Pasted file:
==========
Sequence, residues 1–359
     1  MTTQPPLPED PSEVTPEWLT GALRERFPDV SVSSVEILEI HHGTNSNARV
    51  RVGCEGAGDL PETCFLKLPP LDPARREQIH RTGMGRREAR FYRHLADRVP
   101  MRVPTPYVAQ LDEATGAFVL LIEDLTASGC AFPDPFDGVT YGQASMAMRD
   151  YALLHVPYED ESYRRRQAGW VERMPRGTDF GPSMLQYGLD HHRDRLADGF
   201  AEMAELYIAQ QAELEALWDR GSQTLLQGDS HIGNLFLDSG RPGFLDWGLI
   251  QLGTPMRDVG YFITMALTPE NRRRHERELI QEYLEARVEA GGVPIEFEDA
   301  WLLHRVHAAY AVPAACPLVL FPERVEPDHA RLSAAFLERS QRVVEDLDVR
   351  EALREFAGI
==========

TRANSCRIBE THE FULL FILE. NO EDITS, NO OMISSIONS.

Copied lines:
Sequence, residues 1–359
     1  MTTQPPLPED PSEVTPEWLT GALRERFPDV SVSSVEILEI HHGTNSNARV
    51  RVGCEGAGDL PETCFLKLPP LDPARREQIH RTGMGRREAR FYRHLADRVP
   101  MRVPTPYVAQ LDEATGAFVL LIEDLTASGC AFPDPFDGVT YGQASMAMRD
   151  YALLHVPYED ESYRRRQAGW VERMPRGTDF GPSMLQYGLD HHRDRLADGF
   201  AEMAELYIAQ QAELEALWDR GSQTLLQGDS HIGNLFLDSG RPGFLDWGLI
   251  QLGTPMRDVG YFITMALTPE NRRRHERELI QEYLEARVEA GGVPIEFEDA
   301  WLLHRVHAAY AVPAACPLVL FPERVEPDHA RLSAAFLERS QRVVEDLDVR
   351  EALREFAGI